A Fisher Named Hunter
When young Hunter Reilley told his mom he wanted to go fishing, she never imagined just how hooked he would get on the idea. Since spring, 12-year-old Hunter won two local fishing tournaments and now has his sights set on a state and world championship. Thanks to an organization called Junior Bass Master, he also has learned the meaning of sportsmanship, the importance of conservation and the joy of helping others.
"He's a natural," said Hunter's mother, Robin Reilley. "He can be fishing with ten other guys that aren't catching a thing and Hunter will be catching one after another. Everybody's using the same equipment, same bait, same everything, but Hunter will outfish the others nearly every time."
When Hunter's mother realized her son had a "God given talent," she surfed the web for an organization that would support her son's passion for fishing. She found Bass Masters Junior, the youth division of B.A.S.S. (Bass Anglers Sportman Society) Federation Nation. The nationwide organization has an Oklahoma club, North Oklahoma City Bass Master, where junior members can compete in smaller tournaments on Oklahoma lakes. Winners go on to compete in the state championship and then on to the world championship.
The young anglers are divided into two age categories, 11 – 14 and 15 – 18. Reilley says her son is the only one in his age group who has won two tournaments. Hunter also is currently in good standing to be named Junior Bass Master's Angler of the Year and Member of the Year.
"When Hunter was born a little early, we hadn't chosen a name for him," said Reilley. "Since our family is big into hunting and fishing, we decided to call him Hunter. Our family jokes that if we had only known then what we do now, we definitely would have named him 'Fisher.'"
Reilley went on to explain that Hunter began fishing at Guthrie Lake, where his grandparents live. He wanted to fish in a tournament there, but was told he was just too young. Then, it was decided that if he was accompanied by one of the adult anglers, he could participate. Hunter ended up winning second place, much to the amazement of the older and more experienced fishermen.
When asked what it is that her son does differently, Hunter's mother smiled and said, "Sometimes, we think it's the attitude he has about the bass. He always releases them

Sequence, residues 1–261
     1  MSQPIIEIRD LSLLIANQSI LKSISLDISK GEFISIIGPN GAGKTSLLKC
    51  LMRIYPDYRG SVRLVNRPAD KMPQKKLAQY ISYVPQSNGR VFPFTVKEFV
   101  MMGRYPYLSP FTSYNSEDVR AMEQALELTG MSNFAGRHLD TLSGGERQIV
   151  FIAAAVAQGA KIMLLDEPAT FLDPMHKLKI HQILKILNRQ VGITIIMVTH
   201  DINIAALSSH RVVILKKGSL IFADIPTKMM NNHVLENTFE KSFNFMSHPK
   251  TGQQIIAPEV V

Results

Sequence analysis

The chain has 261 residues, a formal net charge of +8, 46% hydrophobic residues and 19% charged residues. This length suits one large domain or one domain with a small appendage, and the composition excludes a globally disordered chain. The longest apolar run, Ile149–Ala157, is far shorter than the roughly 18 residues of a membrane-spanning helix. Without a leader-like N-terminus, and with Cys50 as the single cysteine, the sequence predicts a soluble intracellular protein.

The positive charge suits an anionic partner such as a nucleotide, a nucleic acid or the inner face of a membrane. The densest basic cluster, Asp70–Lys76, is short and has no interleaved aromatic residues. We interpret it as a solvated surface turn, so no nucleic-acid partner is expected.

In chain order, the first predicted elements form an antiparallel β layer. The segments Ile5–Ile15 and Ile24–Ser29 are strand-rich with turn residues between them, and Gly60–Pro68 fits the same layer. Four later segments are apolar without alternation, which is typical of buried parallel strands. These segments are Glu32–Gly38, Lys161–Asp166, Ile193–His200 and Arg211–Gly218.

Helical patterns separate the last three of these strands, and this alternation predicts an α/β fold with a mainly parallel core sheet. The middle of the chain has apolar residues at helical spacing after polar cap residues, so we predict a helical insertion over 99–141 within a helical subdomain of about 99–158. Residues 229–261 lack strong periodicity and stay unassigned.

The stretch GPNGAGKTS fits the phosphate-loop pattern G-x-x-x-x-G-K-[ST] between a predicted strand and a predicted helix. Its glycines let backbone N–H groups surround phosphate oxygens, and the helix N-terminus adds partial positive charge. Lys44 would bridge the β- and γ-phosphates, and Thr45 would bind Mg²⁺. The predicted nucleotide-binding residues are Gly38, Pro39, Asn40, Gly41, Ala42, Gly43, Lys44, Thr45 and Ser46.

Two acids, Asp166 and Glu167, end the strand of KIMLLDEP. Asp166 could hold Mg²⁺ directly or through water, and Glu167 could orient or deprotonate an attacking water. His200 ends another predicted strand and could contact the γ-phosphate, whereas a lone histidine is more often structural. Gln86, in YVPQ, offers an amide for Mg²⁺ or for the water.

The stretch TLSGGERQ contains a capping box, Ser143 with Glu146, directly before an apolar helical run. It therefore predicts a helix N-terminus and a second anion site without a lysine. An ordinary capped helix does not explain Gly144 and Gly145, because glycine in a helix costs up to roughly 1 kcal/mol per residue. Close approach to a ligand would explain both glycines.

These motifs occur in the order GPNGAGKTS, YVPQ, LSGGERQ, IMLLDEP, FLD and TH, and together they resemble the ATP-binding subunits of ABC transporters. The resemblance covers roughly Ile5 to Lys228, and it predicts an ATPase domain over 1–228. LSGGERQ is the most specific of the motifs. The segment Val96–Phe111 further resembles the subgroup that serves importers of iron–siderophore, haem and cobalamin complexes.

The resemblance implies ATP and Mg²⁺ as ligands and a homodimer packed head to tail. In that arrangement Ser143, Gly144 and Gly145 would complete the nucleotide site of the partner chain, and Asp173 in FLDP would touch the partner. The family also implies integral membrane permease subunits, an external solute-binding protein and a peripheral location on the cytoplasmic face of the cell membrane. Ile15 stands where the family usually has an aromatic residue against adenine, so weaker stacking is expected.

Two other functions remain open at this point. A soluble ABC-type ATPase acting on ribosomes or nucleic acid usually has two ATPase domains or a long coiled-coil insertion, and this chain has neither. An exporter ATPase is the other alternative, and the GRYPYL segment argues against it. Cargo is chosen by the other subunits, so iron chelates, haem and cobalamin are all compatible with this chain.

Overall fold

and even has a special way of saying good-bye to them. He also never eats bass. Maybe the released bass go back and tell their friends they're better off letting Hunter catch them."
The Oklahoma club tournaments are in April, May, June and September. Hunter recently won the state championship on Sunday, October 29th at Lake Lawtonka in Medicine Park, Oklahoma. The junior world competition will be held in Birmingham, Alabama, in February, the same time as the adult Bass Master World Championship.
"At the world competition, the kids get to fish alongside fishing greats, such as Kevin Van Dam and Mike Iaconelli," said Reilley. "They spend the first day learning from the pros. On the second day, the "juniors" rely on their own skills and knowledge. Winners are judged by the total weight of their fish."
Once a year, according to Reilley, Junior Bass Master members participate in community service programs. This July, Hunter helped teach children to fish at Camp Cavett, a separately sponsored program for children 10 years and older with chronic diseases. The camp gives the children an opportunity to spend time with other children like themselves, playing, learning and sharing feelings with each other.
"It was wonderful to watch Hunter help these children fish," said Reilley. "Many of them
had little energy because of their illness. Hunter was so patient, something I think he's really learned from fishing."
Reilley believes her son has benefited in many important ways from his association with Junior Bass Master. Once a month, the club has guest speakers who teach the children about fishing basics, conservation and good fishing ethics. The young members also learn about parliamentary meeting procedure and how to manage B.A.S.S. Federation clubs.
"Fishing has helped Hunter develop a strong self-esteem," said Reilley. "He even reads better because he enjoys reading fishing magazines. More important, he's learned the value of helping others and what it means to 'be a good sport,' even if someone else wins."
If you ask Hunter what he wants to be when he grows up, his answer, "a professional bass angler," would probably not surprise you. However, Hunter wants to take that dream one step further–to be the youngest world champion in history, or as he stated it, "the Tiger Woods of fishing."
It's a big dream, but for Hunter, it probably won't be "the one that got away."